I am not “lambasting” the individuals involved. I have fiercely criticised the decision made by Wine Australia to determine the future of our industry by gathering together a group of white, male CEOs. Please read what’s actually there rather than accusing me of things I have not said.

          “So you think…” reveals your own personal assumptions about me, and your assertions are not facts. You don’t know what I think because my critique here doesn’t cover what I think of the CEO’s of these companies. And the assumptions you make are wrong.

          I wish you the best Katie. Sad to know you don’t feel the same about what’s happened here.

          • Hannah Jenkins says:

            Ease up on Katie there Jane. From my understanding of it all, she is just trying to say why do women need to come in and clean up after men have made a gigantic mess of it all?

  • Ron Brady says:

    This should not be a discussion about gender at all, this needs to be a broad discussion where the total wine industry benefits, if the industry can band together. We may need to look at the structure of the meeting and if the organizers asked for CEOs, then so be it. I agree totally that different perspectives are vital for growth in ideas. I do not subscribe to have a certain amount of gender numbers on a committee I just want to see brilliant ideas come out and our industry starts to gain more traction in a positive way. In my 35 years’ experience in this industry, I have not seen the large public companies and family-owned wineries come together on a plan in a positive way and this needs to change.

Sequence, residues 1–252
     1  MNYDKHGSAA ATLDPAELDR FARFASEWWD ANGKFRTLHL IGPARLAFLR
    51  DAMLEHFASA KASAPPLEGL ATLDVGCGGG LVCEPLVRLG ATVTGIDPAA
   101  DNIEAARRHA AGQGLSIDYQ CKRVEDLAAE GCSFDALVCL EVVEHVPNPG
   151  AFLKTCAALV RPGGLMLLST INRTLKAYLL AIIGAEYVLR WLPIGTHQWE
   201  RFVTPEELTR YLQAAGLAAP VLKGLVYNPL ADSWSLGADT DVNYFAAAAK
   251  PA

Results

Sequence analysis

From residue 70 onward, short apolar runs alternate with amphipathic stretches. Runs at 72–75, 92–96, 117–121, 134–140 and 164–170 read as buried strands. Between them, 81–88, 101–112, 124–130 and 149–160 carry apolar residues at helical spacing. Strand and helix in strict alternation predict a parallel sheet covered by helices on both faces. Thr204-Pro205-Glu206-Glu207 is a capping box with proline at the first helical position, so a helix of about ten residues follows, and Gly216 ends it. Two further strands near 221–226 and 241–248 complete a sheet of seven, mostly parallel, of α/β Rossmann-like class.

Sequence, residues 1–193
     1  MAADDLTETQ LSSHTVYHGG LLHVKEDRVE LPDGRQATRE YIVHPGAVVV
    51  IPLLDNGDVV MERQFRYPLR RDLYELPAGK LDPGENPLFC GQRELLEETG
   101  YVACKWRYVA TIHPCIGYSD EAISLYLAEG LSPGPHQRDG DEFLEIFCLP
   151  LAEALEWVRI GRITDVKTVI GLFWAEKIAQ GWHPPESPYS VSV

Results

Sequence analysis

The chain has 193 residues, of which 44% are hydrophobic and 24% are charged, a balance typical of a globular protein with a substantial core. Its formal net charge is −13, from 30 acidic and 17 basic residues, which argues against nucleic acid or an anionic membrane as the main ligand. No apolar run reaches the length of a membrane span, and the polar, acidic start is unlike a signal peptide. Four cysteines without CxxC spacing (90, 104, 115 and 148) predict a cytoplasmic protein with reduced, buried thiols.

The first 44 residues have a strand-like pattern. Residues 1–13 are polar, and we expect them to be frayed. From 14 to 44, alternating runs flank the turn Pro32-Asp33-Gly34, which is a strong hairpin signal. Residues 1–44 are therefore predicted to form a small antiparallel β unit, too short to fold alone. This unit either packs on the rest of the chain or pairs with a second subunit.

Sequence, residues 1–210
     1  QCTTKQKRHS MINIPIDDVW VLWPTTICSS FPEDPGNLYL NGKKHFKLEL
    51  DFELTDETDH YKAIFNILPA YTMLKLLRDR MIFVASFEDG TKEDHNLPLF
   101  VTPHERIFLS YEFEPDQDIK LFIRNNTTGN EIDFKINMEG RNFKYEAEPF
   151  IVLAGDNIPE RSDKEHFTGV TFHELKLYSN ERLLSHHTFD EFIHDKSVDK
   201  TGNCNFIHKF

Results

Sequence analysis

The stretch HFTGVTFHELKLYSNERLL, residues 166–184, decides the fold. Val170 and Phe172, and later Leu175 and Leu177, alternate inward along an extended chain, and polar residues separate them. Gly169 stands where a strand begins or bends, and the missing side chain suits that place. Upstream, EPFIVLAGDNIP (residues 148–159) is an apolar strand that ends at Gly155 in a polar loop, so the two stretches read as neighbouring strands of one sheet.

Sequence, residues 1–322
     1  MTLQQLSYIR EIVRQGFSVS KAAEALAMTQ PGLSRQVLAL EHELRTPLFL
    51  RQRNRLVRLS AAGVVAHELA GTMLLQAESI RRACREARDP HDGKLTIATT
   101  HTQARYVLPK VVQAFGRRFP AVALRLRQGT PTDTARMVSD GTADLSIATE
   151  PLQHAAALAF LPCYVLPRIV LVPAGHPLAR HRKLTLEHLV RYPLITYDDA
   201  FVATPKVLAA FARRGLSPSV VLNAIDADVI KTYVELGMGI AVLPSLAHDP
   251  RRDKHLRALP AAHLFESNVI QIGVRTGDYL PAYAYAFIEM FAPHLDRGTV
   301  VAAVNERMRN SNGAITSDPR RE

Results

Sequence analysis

• Jane Thomson says:

      “I agree totally that different perspectives are vital for growth in ideas.” How do you propose we get these without a diverse makeup of decision makers? I would argue nothing has changed in 35 years because – as this week as shown – we keep doing things the same way, and we keep asking for leadership and decisions from the same group of people. Our lack of diversity at the top level is holding us back.

      We definitely need the best people in positions of power and decision making, with ideas and strategies that deliver the goods. It shouldn’t matter what their gender, skin colour or sexual orientation is. But it does. It matters. Because you’ll never get women, people of colour or anyone from the LGBTQI+ community in these roles just based on “merit”. The current power holders are not there based on merit either. They’re there based on PRIVILEGE. If it was a truly merit based system you’d already see diversity everywhere. I’m not saying the people currently in these positions don’t have credentials or experience or a valid reason for holding their role. I am saying, however, that if it was only based on merit you’d see a much different line up already.

      Thanks too, Ron, for sharing your belief on the importance (or lack thereof) of having structures like gender quotas in place, but the research evidence is against you on this one. Having policies and targets for inclusion is actually the best and fastest way to achieve diversity. And there is significant financial reward for those companies and sectors who do this. Research keeps showing this over and over. There are plenty of studies I could share here but perhaps these articles by McKinsey are the most succinct (just cut and paste them into your browser if you’re keen to read them.)

      The total wine industry will only benefit when the total wine industry is fully represented in positions of power.